Sense through nonsense reading difficult poetry

Taşkesen, Bengü
This thesis analyses the difficulties in reading modern poetry that arise out of not the references but the unconventional use of language, and presents them in a theoretical framework based on Julia Kristeva̕s semanalytic theory and Melanie Parsons̕s application of it to a comparison of Nonsense literature and twentieth century poetry. Then aspects of the works of G. M. Hopkins, Dylan Thomas and Edith Sitwell are discussed and poems by these poets are analysed within this framework.


A Julia Kristevan analysis of Emily Dickinson and John Milton
Sarıkaya, Merve; Sönmez, Margaret Jeanne M.; Department of Foreign Language Education (2007)
This thesis aims to analyze poems by Emily Dickinson and John Milton according to Julia Kristeva’s theories of poetic language and abjection, and to see the extent to which these concepts are applicable to two such different poets and also to see how the poets compare within such analytic framework. Kristeva adapts a psychoanalytic approach to poststructuralist theory. Psychoanalytic criticism with its two leading figures, Sigmund Freud and Jacques Lacan, has been analyzed to see its reflections on Kristeva...
“From the root of the old one” : reconfiguring individual and collective identities in Anglophone Afro-Caribbean poetry
Türe, Özlem; Sönmez, Margaret Jeanne M.; Department of Foreign Language Education (2007)
This thesis analyzes how Afro-Caribbean poets writing in English appropriate language and use memory as a thematic tool to articulate postcolonial identities. The present study is organized in three parts: the first part provides the necessary theoretical background regarding postcolonial theory, the politics of hybridity and resistance; the second part examines poets’ struggles over language and social forms of poetry; the third part deals with the site of memory as a revisionary tool in rewriting history ...
The relationship between the individual and nature in Samuel Taylor Coleridge's poems
Bal, Reyyan; Sönmez, Margaret Jeanne M.; Department of English Literature (2004)
This thesis analyses the individual-nature relationship in Samuel Taylor Coleridge's poems. It begins with an overview of Coleridge's inconsistent views on the subject, as reflected in his prose writings, and explains the personal reasons behind such inconsistencies. The thesis then asserts that despite the inconsonant views expressed in his prose writings, Coleridge's poems display a consistent view of the individual-nature relationship. According to this view, the relationship is constituted of three cons...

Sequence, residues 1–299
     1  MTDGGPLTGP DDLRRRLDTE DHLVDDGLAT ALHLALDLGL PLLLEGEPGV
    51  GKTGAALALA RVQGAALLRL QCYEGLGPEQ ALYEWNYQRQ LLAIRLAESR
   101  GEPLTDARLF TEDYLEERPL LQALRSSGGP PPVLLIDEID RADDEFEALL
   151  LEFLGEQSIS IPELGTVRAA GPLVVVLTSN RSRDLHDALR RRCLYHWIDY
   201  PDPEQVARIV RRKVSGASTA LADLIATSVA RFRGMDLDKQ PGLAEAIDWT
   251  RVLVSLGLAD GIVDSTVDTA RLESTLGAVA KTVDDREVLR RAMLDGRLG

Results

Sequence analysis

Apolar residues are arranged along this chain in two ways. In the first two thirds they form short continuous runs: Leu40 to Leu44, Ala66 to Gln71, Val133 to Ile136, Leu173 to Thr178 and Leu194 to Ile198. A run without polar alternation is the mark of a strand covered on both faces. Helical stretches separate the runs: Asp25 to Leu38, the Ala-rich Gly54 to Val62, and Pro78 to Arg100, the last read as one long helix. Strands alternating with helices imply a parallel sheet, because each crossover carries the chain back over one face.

Rereading Shakespeare's The Merchant of Venice and Richard II : Wesker's The Merchant and Ioneco's Exit the King
Altındağ, Zümrüt; Norman, Ünal; Department of Foreign Language Education (2004)
This thesis is a comparative study of how Shakespeare̕s ideas transcend the boundaries of his own time and still remain as the major sources of inspiration for modern dramatists. Arnold Wesker and Eugéne Ionesco explore the concept of the "other" leading to loss of identity and awareness of non-being embedded in Shakespeare̕s works. The main argument is that the contemporary playwrights reinterpret Shakespeare̕s works in the light of some modern issues and ideas to reveal the entrapment of the individual.
Kinds of parody from the medieval to the postmodern
Korkut, Nil; İçöz, Nursel; Department of English Literature (2005)
This study approaches parody as a multifarious literary form that has assumed diverse forms and functions throughout history. The study handles this diversity by classifying parody according to its objects of imitation. Three major parodic kinds are specified: parody directed at texts and personal styles, parody directed at genre, and parody directed at discourse. In the light of this classification, this study argues that different literary-historical periods in Britain have witnessed the prevalence of dif...
Citation Formats
B. Taşkesen, “Sense through nonsense reading difficult poetry,” M.A. - Master of Arts, Middle East Technical University, 2004.